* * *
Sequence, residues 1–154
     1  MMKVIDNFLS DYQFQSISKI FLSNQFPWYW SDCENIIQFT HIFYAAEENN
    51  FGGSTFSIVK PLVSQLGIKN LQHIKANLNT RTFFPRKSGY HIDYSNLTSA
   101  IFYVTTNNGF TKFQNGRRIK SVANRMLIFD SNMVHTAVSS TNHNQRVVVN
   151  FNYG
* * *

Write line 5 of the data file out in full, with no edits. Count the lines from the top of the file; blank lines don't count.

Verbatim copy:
   151  FNYG